Chihayafuru 1

October 25, 2015

Yuki Suetsugu – Kodansha – 2011 – 27+ volumes
this is an English edition released in Japan

I was thrilled when I found out Kodansha had released the first two volumes of Chihayafuru in a bilingual edition.  This series is well-loved in Japan, but since it’s about a girl in the competitive world of Karuta, a Japanese card game with no English equivalent, there was no way it would ever get licensed for an English release.  So I snapped up the two bilingual volumes, and feel lucky to have them.

The main character is a girl named Chihaya.  When the volume opens, she’s in 6th grade, and completely obsessed with her older sister, who competes in beauty contests.  She befriends an outcast transfer student at her school, who’s talent appears to be that he’s memorized all 100 poems in the classic collection Ogura Hyakunin Isshu, which is studied in school.  Chihaya later finds out this is because he is an excellent karuta player.  Karuta is a competitive Japanese card game, where a caller reads out the first half of the waka poem from the Hyakunin Isshu, and two players compete to be the first to grab the second half of the poem from an array of cards between them.

The series implies that only young children play the card game as an aid to memorizing the Ogura Hyakunin Isshu.  But Chihaya is in awe of Wataya, that he could have so much skill at something.  When she tells him her hobby is cheering for her sister’s modeling career, Wataya tells her that someone else’s dream isn’t her own, and karuta is a great game to compete in, because since it isn’t played anywhere else in the world, if you’re the best in Japan, you’re the best karuta player in the world.

So Chihaya begins to memorize the poems to try to bring herself to Wataya’s level.  She is very fast, but has a hard time remembering more than 50 poems.  Her friend Taichi joins them, after initially bullying Wataya.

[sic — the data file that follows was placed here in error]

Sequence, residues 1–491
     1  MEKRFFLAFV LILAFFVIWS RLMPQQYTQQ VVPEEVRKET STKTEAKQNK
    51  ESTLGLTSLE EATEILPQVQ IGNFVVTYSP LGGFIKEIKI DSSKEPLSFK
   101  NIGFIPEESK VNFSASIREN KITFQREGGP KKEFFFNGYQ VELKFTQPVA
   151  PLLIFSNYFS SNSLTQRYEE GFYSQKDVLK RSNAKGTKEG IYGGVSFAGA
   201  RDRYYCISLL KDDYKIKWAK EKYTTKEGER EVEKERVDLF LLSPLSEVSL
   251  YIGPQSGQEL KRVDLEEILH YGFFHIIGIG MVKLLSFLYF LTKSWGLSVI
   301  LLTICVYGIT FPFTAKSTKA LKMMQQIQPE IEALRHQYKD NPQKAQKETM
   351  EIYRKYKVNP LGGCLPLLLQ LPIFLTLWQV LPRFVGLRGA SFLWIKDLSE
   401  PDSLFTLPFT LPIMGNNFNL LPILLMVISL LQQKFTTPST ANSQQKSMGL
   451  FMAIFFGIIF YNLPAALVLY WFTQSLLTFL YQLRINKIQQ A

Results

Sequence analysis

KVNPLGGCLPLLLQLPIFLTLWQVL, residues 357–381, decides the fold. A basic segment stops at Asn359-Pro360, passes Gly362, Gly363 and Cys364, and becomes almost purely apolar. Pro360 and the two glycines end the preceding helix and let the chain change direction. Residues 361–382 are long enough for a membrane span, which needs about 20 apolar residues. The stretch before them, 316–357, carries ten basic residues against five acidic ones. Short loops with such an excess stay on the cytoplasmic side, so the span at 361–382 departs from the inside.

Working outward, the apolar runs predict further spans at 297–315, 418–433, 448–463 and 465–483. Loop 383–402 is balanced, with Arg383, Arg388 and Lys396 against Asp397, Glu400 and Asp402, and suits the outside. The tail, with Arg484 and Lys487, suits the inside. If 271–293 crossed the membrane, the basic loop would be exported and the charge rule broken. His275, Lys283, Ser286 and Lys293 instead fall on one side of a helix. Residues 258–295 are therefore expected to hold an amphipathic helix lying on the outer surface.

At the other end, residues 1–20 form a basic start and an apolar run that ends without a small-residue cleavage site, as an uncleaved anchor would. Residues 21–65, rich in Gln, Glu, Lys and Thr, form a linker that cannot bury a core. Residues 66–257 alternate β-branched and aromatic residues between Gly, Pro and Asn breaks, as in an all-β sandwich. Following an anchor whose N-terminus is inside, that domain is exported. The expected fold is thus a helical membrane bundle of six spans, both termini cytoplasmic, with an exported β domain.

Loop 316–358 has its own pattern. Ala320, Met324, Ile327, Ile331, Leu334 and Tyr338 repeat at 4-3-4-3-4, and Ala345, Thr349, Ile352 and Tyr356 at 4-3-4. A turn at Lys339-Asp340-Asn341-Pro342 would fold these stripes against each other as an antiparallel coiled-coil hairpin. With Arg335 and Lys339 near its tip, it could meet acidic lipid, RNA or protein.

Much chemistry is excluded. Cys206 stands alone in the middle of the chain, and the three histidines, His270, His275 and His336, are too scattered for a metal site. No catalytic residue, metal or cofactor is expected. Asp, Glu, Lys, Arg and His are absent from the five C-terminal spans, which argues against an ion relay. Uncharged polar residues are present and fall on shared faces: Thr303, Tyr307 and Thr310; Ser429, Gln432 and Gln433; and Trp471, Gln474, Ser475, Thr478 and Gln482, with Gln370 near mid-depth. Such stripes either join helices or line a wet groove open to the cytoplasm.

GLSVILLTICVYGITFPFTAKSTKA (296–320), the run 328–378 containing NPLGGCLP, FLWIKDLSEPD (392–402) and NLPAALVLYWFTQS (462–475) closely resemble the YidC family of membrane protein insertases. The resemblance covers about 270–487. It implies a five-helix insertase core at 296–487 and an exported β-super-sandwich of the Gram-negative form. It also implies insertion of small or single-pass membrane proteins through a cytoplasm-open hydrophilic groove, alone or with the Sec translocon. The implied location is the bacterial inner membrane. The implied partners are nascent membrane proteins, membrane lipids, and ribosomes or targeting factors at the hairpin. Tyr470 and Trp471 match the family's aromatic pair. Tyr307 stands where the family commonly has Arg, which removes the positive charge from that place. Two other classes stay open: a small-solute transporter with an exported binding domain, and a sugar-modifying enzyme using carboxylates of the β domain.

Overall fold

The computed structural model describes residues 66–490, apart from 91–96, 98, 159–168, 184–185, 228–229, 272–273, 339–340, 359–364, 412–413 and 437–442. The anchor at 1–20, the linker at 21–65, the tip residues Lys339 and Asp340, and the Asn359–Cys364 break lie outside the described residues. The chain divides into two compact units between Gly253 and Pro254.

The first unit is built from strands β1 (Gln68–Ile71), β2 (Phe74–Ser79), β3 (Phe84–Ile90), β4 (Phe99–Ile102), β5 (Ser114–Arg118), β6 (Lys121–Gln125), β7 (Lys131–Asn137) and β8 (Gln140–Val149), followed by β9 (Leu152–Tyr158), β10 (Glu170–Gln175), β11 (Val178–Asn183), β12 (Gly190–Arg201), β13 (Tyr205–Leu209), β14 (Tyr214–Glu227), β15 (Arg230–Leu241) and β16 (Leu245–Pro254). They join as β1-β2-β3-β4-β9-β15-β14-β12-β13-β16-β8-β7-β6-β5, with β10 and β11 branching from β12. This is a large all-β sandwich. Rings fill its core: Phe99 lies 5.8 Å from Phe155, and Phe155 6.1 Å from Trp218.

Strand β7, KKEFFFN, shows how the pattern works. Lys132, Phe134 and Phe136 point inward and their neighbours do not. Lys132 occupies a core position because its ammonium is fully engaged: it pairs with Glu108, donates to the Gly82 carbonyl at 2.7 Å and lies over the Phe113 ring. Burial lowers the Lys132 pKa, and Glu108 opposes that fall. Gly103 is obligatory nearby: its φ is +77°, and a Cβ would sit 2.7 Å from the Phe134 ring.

The story time-skips forward to 10th grade.  Their dreams of being on a karuta team end when both Taichi and Wataya move away after graduating 6th grade.  Chihaya is by herself, seen as an eccentric personality trying to get people at her high school to form a karuta league.  But she has no friends because of her extreme interest, and hasn’t gotten very far in professional (?) karuta ranks while in junior high.  She’s reunited with Taichi, and plays in a tournament to raise her rank.

It’s like a shoujo version of Hikaru no Go!  Whereas go is seen as a game for old men, and Hikaru is in the minority for playing it in junior high, there just aren’t that many adults (or anyone) playing karuta.  The best karuta player we run across here is Wataya, who is somewhat phased out by the end of the volume.  So there’s no Akira/Hikaru rivalries as of yet, but I suspect they’ll come in time.  There is a little of implied relationships, with elementary-age Wataya and Taichi competing for Chihaya’s affections, but I’m not sure how that will go by the end of the volume.  I was a little bored initially, since the game itself seemed too simple to serve as an exciting competitive activity, but I was hooked by the end of the first volume.  I’m glad I have another, and I’m thinking about getting more.  Happily, the cards are written in hiragana, and if the Japanese text in this edition is the same as the regular one, I may be able to puzzle through it.  Hooray!

2 Responses to “Chihayafuru 1”

  1. themooninautumn Says:

    The anime series is on Crunchyroll and is amazing. When you see how dynamic the game is for really competitive players (shonen-style), it’s even more compelling. : ) Some really unexpected licenses have been coming out recently, so maybe I’ll get to read this in English some day . . . : )

  2. Connie Says:

    Ooh, I didn’t even think about an anime adaptation! The game may make more sense if I can actually see people playing it. In the manga, I’m a little confused when they fall into the cards and do various other fancy capture moves. Hopefully a demonstration will make sense. Plus, volume 2 left off in an awful place, and now I can watch it to find out what happens.

    You’re right about unlikely series getting licensed. I used to think Hikaru no Go would never come out here either, so there’s hope. Chihayafuru appears to still be running, and it’s still popular enough to get a multiple-season anime, so I’ll cross my fingers.


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